Elec­toral change doesn’t mean bet­ter gov­ern­ment

The Prince George Citizen - - Opinion -

It’s now time to fish or cut bait. We have the bal­lots to vote on chang­ing our vot­ing sys­tem in B.C. and now only need to de­cide what to vote for.

We have the ef­fec­tively clean, sim­ple, time-proven West­min­ster sys­tem, of­ten re­ferred to as first past the post, or the un­tried in B.C., com­pli­cated, and in some cases un­fair pro­por­tional rep­re­sen­ta­tion sys­tem.

A form of PR has been de­feated twice in referendum­s in the notso-dis­tant past in B.C., how­ever here it is again, knock­ing on our door look­ing for treats much like chil­dren on Hal­loween. Will this be the three strikes and you’re out ref­er­en­dum? One can only hope.

We need to take credit for our present sys­tem and look at the ben­e­fits we have re­ceived from it over the years. As an ex­am­ple, Canada is se­cond in the top 15 coun­tries in the world. We are num­ber one for qual­ity of life, and num­ber five for standard of liv­ing.

Let’s look at the tax rates for some of the Euro­pean coun­tries who have pro­por­tional rep­re­sen­ta­tion:

• Bel­gium – in­come tax 40.7 per cent, value-added tax 21 per cent.

• Den­mark – in­come tax 36.2 per cent, value-added tax 25 per cent.

• Fin­land – in­come tax 30.8 per cent, value-added tax 24 per cent.

• Nether­lands – in­come tax 30.4 per cent, value-added tax 21 per cent.

• Ice­land – in­come tax 29.2 per cent, value-added tax 24 per cent.

• Nor­way – in­come tax 27.9 per cent, value-added tax 25 per cent.

Canada, on the other hand, has in­come tax of 23.1 per cent and a value-added tax of 12 per cent (seven per cent pro­vin­cial sales tax, five per cent GST), mak­ing it 23 out of the 25 high­est taxed coun­tries. So it doesn’t ap­pear that there are any tax ben­e­fits by chang­ing our way of elect­ing gov­ern­ments.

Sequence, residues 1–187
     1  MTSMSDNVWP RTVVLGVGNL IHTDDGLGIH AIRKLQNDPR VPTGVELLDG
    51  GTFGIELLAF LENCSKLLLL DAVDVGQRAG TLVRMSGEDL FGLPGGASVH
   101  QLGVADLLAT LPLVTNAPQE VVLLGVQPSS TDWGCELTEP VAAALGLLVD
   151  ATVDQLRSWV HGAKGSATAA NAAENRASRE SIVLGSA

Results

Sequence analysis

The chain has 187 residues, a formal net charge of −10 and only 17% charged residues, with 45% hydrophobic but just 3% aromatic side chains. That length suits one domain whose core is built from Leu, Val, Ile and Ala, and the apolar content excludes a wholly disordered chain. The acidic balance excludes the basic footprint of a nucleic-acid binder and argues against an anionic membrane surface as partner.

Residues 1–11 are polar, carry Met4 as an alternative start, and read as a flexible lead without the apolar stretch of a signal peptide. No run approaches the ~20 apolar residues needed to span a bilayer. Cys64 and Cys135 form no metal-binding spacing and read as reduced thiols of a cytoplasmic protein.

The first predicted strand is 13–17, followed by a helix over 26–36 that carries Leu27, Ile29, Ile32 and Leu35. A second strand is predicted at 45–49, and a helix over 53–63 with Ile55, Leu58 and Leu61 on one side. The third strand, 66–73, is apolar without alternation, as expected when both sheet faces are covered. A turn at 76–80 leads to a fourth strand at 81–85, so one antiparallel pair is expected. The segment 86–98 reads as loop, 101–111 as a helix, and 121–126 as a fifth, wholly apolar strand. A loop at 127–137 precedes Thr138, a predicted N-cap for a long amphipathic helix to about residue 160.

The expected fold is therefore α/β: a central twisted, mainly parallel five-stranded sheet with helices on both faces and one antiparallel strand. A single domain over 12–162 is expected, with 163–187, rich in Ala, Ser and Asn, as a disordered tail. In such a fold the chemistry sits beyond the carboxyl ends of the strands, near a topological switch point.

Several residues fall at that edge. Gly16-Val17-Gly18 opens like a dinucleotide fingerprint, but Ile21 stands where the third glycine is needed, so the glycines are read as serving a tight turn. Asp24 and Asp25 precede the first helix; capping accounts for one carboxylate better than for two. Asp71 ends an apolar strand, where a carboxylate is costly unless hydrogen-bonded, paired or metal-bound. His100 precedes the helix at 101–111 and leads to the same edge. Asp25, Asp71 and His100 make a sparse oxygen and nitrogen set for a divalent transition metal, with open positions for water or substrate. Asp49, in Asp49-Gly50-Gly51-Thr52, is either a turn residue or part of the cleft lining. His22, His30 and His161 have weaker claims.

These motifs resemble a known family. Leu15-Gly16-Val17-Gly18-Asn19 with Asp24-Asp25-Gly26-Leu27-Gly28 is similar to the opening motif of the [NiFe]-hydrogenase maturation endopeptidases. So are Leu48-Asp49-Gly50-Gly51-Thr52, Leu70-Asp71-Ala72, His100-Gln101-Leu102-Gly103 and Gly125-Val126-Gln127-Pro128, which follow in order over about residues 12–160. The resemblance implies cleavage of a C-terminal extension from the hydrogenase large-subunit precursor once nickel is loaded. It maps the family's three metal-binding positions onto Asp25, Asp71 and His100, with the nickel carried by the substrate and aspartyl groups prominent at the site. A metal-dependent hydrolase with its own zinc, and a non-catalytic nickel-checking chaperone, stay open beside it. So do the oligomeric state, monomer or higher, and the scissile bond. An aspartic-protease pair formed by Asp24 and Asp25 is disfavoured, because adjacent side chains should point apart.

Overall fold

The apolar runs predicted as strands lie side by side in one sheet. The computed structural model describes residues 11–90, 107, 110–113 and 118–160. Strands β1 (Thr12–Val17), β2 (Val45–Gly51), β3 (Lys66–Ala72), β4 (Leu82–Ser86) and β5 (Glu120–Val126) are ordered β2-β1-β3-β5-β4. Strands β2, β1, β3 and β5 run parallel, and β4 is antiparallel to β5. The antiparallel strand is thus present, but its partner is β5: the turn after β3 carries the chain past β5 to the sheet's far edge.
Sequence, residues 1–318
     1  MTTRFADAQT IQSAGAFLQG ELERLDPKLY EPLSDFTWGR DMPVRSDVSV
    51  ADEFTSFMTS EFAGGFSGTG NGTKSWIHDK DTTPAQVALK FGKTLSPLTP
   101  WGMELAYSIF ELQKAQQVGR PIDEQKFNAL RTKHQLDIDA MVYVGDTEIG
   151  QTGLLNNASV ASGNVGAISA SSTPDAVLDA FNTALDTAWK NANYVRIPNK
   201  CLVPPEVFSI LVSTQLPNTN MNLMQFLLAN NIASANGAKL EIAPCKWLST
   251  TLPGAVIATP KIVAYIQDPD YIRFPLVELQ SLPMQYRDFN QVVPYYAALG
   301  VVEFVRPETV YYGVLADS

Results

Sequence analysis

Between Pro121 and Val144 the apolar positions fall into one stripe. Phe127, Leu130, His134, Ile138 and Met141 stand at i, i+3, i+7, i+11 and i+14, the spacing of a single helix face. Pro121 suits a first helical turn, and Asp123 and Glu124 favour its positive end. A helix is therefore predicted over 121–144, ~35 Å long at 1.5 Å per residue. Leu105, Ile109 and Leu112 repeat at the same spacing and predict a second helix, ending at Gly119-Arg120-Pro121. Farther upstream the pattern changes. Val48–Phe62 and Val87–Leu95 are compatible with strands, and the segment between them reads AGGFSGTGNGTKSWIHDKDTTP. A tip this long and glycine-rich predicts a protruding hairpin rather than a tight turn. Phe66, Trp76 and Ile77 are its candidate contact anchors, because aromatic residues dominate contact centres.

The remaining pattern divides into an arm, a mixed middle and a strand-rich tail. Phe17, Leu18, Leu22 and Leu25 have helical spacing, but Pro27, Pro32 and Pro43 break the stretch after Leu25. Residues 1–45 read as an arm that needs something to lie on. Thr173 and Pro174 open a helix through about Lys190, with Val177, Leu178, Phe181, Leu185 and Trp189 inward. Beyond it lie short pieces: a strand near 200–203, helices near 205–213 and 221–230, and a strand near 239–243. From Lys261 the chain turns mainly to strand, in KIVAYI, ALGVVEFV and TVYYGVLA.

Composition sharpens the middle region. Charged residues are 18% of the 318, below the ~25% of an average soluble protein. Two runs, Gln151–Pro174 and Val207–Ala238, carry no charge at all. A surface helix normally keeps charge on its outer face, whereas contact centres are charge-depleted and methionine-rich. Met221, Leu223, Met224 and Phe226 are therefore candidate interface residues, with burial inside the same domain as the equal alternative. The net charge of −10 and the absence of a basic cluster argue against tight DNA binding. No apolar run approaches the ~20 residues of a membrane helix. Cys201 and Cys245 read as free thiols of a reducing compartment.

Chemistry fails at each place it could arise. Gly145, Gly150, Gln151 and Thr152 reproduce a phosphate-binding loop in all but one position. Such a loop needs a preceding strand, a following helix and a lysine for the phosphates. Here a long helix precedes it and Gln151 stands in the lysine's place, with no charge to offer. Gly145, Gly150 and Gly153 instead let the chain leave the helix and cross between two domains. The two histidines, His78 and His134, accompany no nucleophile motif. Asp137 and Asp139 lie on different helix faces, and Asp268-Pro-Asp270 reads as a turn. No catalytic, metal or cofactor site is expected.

The present sys­tem in B.C. is a plu­ral­ity sys­tem and rep­re­sen­ta­tives are elected in 87 rid­ings in B.C. The per­son who wins the most votes in the rid­ing rep­re­sents the rid­ing. The party that wins the most seats forms the gov­ern­ment. The party who wins the next high­est num­ber of seats forms the op­po­si­tion and oth­ers who are elected sit as elected MLAs for their rid­ing.

There is noth­ing wrong with this sys­tem, how­ever it does make it dif­fi­cult for new par­ties to ac­tu­ally form the gov­ern­ment or par­tic­i­pate in gov­ern­ment.

Some­times it comes down to how things are ex­plained.

As an ex­am­ple, the pro­po­nents of PR say that the Greens re­ceived some 300,000 votes in the last B.C. elec­tion but only elected three MLAs so from a per­cent­age of the pop­u­lar vote point of view they are un­der­rep­re­sented. They state un­der PR they would have elected 15 MLAs.

That in fact is a true state­ment, how­ever they fail to ac­knowl­edge that some 1,200,000 vot­ers did not vote for them, and elected other rep­re­sen­ta­tives, so in ef­fect they were re­jected by a ma­jor­ity of the pop­u­lar vote.

We can ar­gue the pros and cons of the two sys­tems un­til the cows come home, how­ever if we look at the ac­com­plish­ments of Cana­di­ans, and Canada over the years, it is pretty ob­vi­ous that we have a great coun­try sup­ported by a good sta­ble gov­ern­ing sys­tem and we re­ally have no need to change.

Those who want to change the sys­tem are self-in­ter­ested po­lit­i­cal par­ties, as op­posed to the ev­ery­day av­er­age cit­i­zen of this coun­try.

To sug­gest that we would get bet­ter rep­re­sen­ta­tion from our MLA by elect­ing him/her un­der a PR sys­tem rather than the FPTP sys­tem is just not so.

Nor would we get bet­ter gov­ern­ment.

What we would get is more MLAs, more gov­ern­ment and more taxes. Eric Allen Prince Ge­orge

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